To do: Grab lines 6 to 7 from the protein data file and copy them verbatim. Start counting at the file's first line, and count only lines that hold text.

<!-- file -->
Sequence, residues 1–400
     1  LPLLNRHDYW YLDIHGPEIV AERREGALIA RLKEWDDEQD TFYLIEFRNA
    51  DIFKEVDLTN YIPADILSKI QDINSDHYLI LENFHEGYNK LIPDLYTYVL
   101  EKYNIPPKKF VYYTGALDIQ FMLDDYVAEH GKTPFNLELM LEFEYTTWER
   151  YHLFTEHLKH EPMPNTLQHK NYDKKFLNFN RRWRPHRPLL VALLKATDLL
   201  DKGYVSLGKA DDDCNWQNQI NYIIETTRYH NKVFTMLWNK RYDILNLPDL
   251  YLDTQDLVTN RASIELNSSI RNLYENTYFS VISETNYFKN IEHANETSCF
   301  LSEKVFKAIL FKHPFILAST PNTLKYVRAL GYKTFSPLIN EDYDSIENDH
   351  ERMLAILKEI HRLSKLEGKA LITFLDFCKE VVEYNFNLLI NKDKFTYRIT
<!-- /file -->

   201  DKGYVSLGKA DDDCNWQNQI NYIIETTRYH NKVFTMLWNK RYDILNLPDL
   251  YLDTQDLVTN RASIELNSSI RNLYENTYFS VISETNYFKN IEHANETSCF